Friday, March 11, 2011

What Happens When A Project Fails?

We might not want to acknowledge it, but failure happens. Goals sometimes don't get met, time-lines slip, projects fall apart. How do you react when faced with failure? And as a leader, how do you prevent small failures from snowballing into a completely failed project.

This blog post on the Harvard Business Review caught my eye as a unique illustration of the different ways people deal with failure.

In the post author and Bregman Partners, Inc. CEO Peter Bregman writes:
Most of us miss that. Typically, when people fail, we blame them. Or teach them. Or try to make them feel better. All of which, paradoxically, makes them feel worse. It also prompts defensiveness as an act of self-preservation. (If I'm not okay after a failure, I'd better figure out how to frame this thing so it's not my failure.)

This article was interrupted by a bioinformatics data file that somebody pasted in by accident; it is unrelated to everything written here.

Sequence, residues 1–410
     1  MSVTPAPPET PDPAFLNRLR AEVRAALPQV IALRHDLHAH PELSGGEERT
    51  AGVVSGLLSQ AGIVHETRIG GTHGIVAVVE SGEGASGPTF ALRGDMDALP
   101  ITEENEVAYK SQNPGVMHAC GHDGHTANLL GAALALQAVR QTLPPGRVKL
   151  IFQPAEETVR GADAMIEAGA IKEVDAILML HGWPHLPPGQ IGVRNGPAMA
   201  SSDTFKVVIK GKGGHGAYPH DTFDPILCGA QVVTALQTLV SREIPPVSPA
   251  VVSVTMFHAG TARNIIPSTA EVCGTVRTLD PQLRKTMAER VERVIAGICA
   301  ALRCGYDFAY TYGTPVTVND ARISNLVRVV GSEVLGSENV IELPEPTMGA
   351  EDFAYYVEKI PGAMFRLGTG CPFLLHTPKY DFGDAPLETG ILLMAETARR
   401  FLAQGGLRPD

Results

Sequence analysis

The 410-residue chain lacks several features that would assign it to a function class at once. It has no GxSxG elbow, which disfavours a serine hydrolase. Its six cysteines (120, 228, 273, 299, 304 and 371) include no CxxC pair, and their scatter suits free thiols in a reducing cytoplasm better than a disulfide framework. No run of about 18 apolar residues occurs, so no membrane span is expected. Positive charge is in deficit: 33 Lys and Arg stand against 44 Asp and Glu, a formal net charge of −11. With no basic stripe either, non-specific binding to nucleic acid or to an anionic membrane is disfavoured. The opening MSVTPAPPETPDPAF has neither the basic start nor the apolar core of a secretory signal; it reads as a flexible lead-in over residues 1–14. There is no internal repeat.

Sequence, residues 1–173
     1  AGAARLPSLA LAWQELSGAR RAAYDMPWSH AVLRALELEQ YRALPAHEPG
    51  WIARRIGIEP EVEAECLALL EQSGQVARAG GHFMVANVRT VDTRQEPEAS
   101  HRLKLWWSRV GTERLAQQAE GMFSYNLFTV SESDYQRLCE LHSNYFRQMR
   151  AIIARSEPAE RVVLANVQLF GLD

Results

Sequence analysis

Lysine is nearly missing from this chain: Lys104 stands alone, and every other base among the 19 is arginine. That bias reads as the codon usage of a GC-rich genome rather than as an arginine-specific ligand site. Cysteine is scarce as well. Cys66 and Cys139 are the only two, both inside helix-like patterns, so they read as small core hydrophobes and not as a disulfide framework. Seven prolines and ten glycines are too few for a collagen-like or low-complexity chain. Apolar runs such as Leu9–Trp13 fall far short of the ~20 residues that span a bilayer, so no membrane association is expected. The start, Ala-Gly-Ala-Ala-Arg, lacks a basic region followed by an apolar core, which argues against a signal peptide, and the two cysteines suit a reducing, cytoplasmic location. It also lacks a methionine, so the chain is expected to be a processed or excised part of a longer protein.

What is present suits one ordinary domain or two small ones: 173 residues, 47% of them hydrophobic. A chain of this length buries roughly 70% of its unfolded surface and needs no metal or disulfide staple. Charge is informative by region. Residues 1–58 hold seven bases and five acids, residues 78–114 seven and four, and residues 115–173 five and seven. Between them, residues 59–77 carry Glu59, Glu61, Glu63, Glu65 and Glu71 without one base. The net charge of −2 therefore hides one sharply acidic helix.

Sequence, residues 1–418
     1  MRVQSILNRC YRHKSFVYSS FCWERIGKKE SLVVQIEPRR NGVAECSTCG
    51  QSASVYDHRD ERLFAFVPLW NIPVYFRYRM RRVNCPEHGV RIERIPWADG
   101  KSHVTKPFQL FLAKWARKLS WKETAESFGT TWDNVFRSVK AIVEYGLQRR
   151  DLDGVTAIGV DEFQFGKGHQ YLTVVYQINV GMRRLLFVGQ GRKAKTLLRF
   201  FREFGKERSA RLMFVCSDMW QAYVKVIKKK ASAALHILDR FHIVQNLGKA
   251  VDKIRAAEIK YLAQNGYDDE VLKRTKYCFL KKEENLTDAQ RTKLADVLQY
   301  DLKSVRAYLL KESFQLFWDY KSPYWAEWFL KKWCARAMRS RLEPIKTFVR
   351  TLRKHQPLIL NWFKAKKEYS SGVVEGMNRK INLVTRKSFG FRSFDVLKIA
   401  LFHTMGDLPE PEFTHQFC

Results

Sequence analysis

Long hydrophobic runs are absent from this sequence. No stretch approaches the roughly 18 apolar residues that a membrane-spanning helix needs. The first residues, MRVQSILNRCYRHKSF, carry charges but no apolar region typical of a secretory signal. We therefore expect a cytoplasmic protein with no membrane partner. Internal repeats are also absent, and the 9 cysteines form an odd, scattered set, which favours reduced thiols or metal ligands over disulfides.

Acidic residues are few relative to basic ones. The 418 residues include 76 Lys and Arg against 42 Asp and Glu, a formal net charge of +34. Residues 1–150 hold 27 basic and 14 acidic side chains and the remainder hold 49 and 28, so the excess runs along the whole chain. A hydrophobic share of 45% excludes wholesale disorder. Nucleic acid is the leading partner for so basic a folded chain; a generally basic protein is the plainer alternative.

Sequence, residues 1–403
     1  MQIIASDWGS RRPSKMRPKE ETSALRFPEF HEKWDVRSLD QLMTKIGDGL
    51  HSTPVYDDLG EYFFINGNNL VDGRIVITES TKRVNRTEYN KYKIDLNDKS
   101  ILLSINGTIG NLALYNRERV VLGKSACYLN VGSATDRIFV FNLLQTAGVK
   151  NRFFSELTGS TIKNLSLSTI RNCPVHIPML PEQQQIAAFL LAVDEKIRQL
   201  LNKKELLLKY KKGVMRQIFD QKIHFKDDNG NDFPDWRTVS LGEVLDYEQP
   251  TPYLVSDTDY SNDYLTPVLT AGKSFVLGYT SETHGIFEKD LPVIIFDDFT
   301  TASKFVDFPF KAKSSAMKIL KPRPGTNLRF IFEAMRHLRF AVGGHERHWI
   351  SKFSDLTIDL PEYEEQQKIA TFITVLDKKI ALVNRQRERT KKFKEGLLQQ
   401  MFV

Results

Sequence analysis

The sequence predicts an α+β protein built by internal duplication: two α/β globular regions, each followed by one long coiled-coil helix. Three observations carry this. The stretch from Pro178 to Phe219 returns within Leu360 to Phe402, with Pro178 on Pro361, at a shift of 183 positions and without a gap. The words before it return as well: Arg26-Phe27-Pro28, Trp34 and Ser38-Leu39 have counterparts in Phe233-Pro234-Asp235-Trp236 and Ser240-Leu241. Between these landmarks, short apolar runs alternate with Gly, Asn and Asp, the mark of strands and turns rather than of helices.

Who hasn't been there? Or on the receiving end? It's a natural instinct to try and distance oneself from failure in a business situation, but a good leader needs to take a step back, evaluate, and decide what their team needs in each case. Is this the time for cutting losses? Learning a lesson? Or simply practicing acceptance.

What skills and practices do you employ when dealing with the failure of a project? What failures have you faced, and how have you put things back on track?

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